5 things to know before a self-drive safari

5 Things You Need To Know Before A Self Drive Safari In Namibia - photo shows a white sandy track (road!) stretching off into the distance ending at the horizon of a clear blue sky. There are grasses on either side of the track.

When we were planning our self-drive safari to Namibia we were specific in what we wanted. we were looking for an unforgettable trip to celebrate a big year (2 big birthdays and a big anniversary). We wanted something that was completely different from the holidays that we had taken in the past. And boy, did we get that! Namibia was, hands down, one of the best trips we have ever, ever taken. But that’s not to say it wasn’t tricky at times or that we were caught out by a few things that I wish I’d known before we went. Here are 5 things to know before a self-drive safari.

1. Distances

5 Things You Need To Know Before A Self-Drive Safari In Namibia - A clear blue sky with some fluffy white clouds. The ground is sandy scrub land with some grasses and a few trees. There is one larger tree that silhouettes against the sky.

It’s stating the obvious but Africa is enormous. You can drive for hours and hours and not see a single car. The driving can be monotonous depending on where you are – sometimes there’s plenty to see and marvel at and sometimes, well, there really isn’t.

You need plenty of ways to stay sane both as individuals and as a family! Audiobooks probably saved our trip although I could quite happily never hear Enid Blyton’s Faraway Tree series ever again.

Ever, ever, ever.

But they served a purpose and kept the kids from going mad so if we were doing it all again I would do that all again too. If your kids get motion sickness like mine do then these are a great alternative to iPads, use less battery and, of course, reduce screen time which we were determined to do on this trip.

We played a lot of games. For the record, i-Spy is tricky when you’re going through a barren landscape but others can work like “I’m thinking of an animal” and other favourite family games that we use in restaurants while we’re waiting for food.

Our best tip, though, is to schedule regular breaks. Know your route before you set out and plan accordingly. Cabin fever and hunger-induced anger can (and will) break you.

2. Dust

5 Things You Need To Know Before A Self-Drive Safari In Namibia - dust is kicked up behind a (hidden) car in front of us on a red dusty gravel track. The sky is completely blue.

Oh, the dust. It gets everywhere. Like, everywhere.

It gets in the car. It settles on your skin in a fine but irritating layer. And it will get into your stuff – through suitcase zips and everything.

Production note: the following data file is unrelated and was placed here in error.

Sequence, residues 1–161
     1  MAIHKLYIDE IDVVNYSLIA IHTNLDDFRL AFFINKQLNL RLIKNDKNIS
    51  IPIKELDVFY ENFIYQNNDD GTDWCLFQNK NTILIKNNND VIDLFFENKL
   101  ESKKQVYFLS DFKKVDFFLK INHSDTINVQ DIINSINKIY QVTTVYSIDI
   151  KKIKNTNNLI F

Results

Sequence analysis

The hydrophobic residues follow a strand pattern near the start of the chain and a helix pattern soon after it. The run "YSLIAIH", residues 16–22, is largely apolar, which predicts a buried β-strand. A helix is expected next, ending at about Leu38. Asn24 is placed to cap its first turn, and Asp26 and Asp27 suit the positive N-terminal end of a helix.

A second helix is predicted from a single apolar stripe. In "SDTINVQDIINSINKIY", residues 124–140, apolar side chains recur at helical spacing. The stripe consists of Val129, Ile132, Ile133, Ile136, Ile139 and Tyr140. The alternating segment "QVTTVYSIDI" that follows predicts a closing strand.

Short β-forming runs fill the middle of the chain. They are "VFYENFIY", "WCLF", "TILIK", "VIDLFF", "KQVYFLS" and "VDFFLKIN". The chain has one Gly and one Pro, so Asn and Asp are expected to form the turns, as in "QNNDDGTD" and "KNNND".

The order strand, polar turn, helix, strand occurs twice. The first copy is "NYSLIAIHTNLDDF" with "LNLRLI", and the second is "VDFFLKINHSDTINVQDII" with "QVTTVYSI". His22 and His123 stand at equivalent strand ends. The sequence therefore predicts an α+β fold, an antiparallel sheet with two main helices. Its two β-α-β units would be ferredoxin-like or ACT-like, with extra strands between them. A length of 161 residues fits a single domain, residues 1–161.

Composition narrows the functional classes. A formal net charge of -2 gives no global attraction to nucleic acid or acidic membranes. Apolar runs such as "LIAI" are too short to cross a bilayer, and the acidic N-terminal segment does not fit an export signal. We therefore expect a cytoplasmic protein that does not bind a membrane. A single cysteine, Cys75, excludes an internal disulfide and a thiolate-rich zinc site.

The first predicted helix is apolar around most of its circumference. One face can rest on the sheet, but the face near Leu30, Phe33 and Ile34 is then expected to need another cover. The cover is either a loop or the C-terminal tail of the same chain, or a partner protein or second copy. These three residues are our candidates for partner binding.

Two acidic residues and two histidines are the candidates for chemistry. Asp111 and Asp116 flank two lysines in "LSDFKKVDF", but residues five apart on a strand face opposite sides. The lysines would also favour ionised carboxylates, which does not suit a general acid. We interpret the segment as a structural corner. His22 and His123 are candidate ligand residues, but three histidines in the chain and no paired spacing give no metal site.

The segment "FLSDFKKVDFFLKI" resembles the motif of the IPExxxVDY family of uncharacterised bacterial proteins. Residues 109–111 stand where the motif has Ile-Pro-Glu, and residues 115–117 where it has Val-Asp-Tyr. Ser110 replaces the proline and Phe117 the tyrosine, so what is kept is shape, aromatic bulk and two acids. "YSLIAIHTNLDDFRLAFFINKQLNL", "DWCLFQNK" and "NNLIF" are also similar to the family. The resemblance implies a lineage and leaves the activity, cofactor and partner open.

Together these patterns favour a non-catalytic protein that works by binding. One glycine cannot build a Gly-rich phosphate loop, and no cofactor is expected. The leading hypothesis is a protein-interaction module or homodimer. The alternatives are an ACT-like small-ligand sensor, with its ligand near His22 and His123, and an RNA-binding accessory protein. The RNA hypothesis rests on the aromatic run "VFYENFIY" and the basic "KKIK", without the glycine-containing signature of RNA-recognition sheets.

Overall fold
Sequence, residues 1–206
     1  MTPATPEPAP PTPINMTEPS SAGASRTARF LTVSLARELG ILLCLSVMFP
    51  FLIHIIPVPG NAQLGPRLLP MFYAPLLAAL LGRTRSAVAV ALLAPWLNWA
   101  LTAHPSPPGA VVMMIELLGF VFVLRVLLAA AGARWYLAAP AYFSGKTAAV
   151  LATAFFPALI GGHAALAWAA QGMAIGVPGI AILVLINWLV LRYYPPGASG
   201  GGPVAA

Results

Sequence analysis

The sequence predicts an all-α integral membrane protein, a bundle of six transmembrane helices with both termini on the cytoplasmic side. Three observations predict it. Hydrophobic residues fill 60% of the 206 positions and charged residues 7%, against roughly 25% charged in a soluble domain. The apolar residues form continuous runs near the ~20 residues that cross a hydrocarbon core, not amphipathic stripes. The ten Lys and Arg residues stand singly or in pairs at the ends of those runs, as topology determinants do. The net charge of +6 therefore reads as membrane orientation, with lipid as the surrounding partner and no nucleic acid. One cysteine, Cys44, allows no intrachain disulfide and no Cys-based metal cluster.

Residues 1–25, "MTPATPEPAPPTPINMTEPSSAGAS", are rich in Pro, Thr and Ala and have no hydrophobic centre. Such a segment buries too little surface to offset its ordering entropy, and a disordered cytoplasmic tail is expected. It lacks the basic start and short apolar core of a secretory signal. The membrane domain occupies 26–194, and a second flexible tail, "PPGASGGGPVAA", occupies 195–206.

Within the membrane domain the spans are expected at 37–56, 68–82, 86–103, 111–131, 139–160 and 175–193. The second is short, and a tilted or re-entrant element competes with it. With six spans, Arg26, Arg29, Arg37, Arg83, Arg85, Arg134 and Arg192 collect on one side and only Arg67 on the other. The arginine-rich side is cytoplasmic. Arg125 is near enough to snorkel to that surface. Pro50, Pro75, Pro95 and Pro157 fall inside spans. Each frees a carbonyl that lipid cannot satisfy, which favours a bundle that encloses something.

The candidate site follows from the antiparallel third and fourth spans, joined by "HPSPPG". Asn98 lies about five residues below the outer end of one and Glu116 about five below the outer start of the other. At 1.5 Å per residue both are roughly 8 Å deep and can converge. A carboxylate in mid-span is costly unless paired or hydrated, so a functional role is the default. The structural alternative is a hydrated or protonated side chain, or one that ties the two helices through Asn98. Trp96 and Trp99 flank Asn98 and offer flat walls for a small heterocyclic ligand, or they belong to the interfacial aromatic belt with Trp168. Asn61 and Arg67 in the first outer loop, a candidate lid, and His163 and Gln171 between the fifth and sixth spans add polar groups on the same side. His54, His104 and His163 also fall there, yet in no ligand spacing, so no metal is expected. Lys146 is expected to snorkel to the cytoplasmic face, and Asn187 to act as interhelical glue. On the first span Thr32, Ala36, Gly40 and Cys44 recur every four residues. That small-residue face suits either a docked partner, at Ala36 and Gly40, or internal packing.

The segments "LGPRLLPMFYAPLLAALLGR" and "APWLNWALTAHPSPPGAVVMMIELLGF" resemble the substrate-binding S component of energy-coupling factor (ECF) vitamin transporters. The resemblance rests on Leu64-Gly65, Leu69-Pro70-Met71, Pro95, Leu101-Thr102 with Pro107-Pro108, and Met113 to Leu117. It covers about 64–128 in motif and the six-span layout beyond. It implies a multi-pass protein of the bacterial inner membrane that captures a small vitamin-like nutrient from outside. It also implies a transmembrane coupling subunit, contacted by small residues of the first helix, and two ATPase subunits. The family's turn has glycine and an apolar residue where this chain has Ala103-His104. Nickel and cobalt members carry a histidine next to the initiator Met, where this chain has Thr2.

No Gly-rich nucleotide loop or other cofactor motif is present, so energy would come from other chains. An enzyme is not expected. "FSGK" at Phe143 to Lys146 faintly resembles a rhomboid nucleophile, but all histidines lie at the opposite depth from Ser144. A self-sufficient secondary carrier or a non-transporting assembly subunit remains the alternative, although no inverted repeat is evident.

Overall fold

It’s inevitable so the first thing to do is to embrace the dust. But there are a few things you can do such as wrapping all your cases in bin bags (fold the top over on itself) to minimise how far it can go. Washing and moisturising regularly also helps.

If this seems like a short section, once you get there you will know that it absolutely is not a reflection of just how much dust there is to deal with.

3. What to do in an emergency

Back to the long distances. When I say you can drive for hours and not see another soul, I mean it. Which is kind of scary if you start to think about things going wrong like someone getting sick or the car breaking down and it can all get a bit overwhelming and scary.

Travel with your own supplies. I can’t emphasise enough how much security our safari first aid kit gave me. Have a few days’ worth of food and drinking water with you at all times. Regularly and top up petrol – most 4x4s have 2 tanks meaning you can go for miles before the tank starts to show as empty. This is not a time to chance it and hope for the best when you’re not sure quite how much you need to get to the next town in several hours.

Rent your car from a reputable agency. All the good ones will have a tracking device on the vehicle and will know where you are at any given time. We planned our route in conjunction with them so, not only had they pre-populated the destinations in the sat-nav, but they also knew what our intended route was. It was comforting to know that they could get someone out to us in a matter of a few hours if needed.

Have a local sim card and a satellite phone. The whole time we were driving, my Qatari phone didn’t connect to any network at all. I was glad that we had taken the time to get a local sim card. But even that ran out of signal in the more remote areas – a satellite phone is essential in an emergency.

4. Food

Just as you don’t really know where the next petrol station is, nor do you know where the next supermarket is or, crucially, how good it is! The agent who set us up did a great job in plotting on a map and in our detailed itinerary where the supermarkets would be but they were of wildly varying standards. When you see a well-stocked supermarket, use it to your advantage and replenish your supplies.

5. Unforgettable memories

This all sounds a bit doom and gloomy for one of my posts. But I like to be prepared. I like to know what’s coming and I find that the more we prepare ahead of time for a holiday, the better it turns out to be.

There’s nothing on earth that could have prepared me for this holiday. It was hard work at times but it made up for it in spades with the incredible memories that we had. Seeing Dead Vlei, climbing sand dunes, spotting wildlife and watching the most spectacular sunrises and sunsets of our lives all contributed to what really was an unforgettable holiday.

If you’re heading to Africa on a self-drive safari then all I can say is: HAVE FUN!

Emma Morrell
Emma Morrell

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